The Badplaas Region: History of Rangeland Management and Fodder Production

Experiences of livestock production systems based on rangeland in the Highveld & Escarpment areas of Mpumulanga – formerly the S-E Transvaal sub-region of the Transvaal Region of the Department of Agricultural Services – pre-1994.

The Badplaas Region: History of Rangeland Management and Fodder Production

Experiences of livestock production systems based on rangeland in the Highveld & Escarpment areas of Mpumulanga – formerly the S-E Transvaal sub-region of the Transvaal Region of the Department of Agricultural Services – pre-1994.

From the 1960’s through to the new millennium, farming systems underwent drastic changes in this area. At that stage the traditional livestock production systems were dominated by wooled sheep systems, based largely on summer veld grazing on the Highveld and winter veld grazing in the Escarpment areas.

The summer period was characterized by late winter / early spring burning followed by heavy and frequent defoliation by sheep with yields being sacrificed to the objection of keeping the veld short and nutritious for the sheep, which had much higher quality requirements than cattle. Rotational Rest – despite being recommended since the 1940’s and 1950’s played virtually no role. Although dairy was already a feature of most systems this was also on the basis of semi-extensive, small herds with the emphasis on summer production from veld and pasture. Beef cattle were really insignificant and consisted of extensive use of dairy breeds in systems characterized by late breeding, open breeding seasons, low conception rates, high mortality and low weaning mass. Veld condition suffered badly! The winter period was characterized by summer burning of roughly ½ of the “Trek-farm” area each year to provide short, nutritious grazing for sheep in the autumn and winter months. The impact on veld condition was drastic, but this was compensated for by the fact that a particular area was rested for 1 ½ growing seasons (October – January / February) before being burnt and heavily grazed. At this time livestock farming in the S-E Transvaal underwent some drastic changes:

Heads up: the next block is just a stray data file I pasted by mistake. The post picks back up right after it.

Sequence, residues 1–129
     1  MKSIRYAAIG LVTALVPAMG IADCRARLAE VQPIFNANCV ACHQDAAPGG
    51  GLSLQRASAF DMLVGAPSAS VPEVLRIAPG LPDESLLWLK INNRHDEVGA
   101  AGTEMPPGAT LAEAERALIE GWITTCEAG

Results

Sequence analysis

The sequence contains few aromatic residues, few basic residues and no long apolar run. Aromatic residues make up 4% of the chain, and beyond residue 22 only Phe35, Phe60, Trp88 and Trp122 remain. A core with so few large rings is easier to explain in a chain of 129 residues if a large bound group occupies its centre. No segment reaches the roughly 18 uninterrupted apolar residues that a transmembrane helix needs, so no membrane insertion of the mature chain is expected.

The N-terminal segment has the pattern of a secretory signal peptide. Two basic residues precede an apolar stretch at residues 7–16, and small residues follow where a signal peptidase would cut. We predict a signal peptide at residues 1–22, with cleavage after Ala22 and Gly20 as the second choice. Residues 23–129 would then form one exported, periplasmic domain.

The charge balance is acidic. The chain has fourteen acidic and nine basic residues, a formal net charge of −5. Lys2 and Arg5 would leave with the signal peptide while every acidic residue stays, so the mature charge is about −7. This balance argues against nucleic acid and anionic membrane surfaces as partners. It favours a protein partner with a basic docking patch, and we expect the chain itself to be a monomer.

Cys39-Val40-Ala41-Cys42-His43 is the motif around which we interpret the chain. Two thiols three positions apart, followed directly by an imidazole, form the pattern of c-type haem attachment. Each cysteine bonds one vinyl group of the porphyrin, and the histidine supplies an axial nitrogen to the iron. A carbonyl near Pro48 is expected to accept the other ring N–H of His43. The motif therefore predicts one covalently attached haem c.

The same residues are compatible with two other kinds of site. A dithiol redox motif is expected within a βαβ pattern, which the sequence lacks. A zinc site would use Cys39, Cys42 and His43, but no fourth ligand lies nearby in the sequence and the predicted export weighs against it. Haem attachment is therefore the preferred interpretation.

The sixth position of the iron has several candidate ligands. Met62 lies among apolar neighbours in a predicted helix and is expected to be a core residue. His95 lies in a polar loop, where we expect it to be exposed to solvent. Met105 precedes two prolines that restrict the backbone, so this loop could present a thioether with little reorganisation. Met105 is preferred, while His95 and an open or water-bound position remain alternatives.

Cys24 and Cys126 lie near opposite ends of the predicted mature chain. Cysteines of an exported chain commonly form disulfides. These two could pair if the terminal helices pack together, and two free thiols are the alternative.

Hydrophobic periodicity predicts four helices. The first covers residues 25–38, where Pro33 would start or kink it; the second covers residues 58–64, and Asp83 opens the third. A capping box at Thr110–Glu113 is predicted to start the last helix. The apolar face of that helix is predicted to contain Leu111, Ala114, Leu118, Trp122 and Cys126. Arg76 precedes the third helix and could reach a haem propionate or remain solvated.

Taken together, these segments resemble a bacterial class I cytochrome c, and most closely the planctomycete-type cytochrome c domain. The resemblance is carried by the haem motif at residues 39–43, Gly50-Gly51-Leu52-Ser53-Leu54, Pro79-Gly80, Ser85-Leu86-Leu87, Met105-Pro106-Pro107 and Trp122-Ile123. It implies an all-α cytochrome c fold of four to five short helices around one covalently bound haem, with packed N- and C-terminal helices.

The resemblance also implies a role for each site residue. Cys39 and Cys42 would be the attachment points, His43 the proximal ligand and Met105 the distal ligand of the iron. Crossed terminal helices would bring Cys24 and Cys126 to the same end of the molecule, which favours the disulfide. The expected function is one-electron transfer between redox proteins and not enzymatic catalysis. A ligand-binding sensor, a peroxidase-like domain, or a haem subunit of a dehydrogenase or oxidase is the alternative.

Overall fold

Planting of timber plantations in the Escarpment Areas expanded dramatically and tempting land prices resulted in the abandonment of the Trek System – The incidence of summer burning and winter grazing in these escarpment areas; the reduction in sheep numbers and a shift to beef production resulted in shift to taller grass species (especially Hyparrhenia & Hyperthelia). These escarpment areas are still essentially sourveld and the winter period was increasingly characterized by grazing of rested veld using supplementing licks, the use of crop residues from an expanded use of cropland and to some extent conserved fodder (especially Eragrostis hay and Digitaria foggage).

The expanded use of protein supplements for especially sheep on rested veld provided the traditional trek farmer with at least a partial solution for his over wintering problem which had been exaggerated by the loss / sale of escarpment trek farms. The advantage of this practice was that these farmers now at least practiced a rotational resting system to provide roughage for the winter.

Other solutions for the winter, especially for animals with higher nutritional requirements were provided by cereal and root crops planted on conserved moisture either in pure stands or as ley crops between spaced maize

  • hay and foggage from planted pastures on marginal cropping soils
  • silage crops from a better potential cropping soils
  • crop residues from each crops which had been expanded on the Eastern Highveld.

In the 1970’s and ‘80’s the expansion of dairy enterprises resulted in the increased use of pasture and fodder crops for such enterprises, while beef and sheep enterprises become increasingly dependant on veld and low input pastures. Lucerne, in pure stands or in mixtures with grass and in rotation with maize remained one of the options, which had not received wide expectance probably because of high management inputs.

With respect to veld utilization there was a period when controlled utilization (controlled selective grazing, high production grazing and even non-selective grazing) received considerable attention, but these principles -whilst being widely accepted and applied in more extensive rangelands – never became popular in the higher rainfall sourveld areas, where simplistic recipes involving: rotational resting, rotational controlled burning and stocking rates adjusted to current veld condition were more acceptable to farmers who had heavy management commitments in other (of more profitable) enterprises.

Since the 1990’s many of these farms have reverted back to extensive beef productions systems, game farms and the odd one or two cash cropping enterprises. This region stretches over an area that’s altitude changes from as high as 1720m down to as low as 450m above see level. This change in altitude results in this area having a high agricultural diversity and potential, and can be regarded as being one of the more important agricultural areas in the Mpumalanga province.

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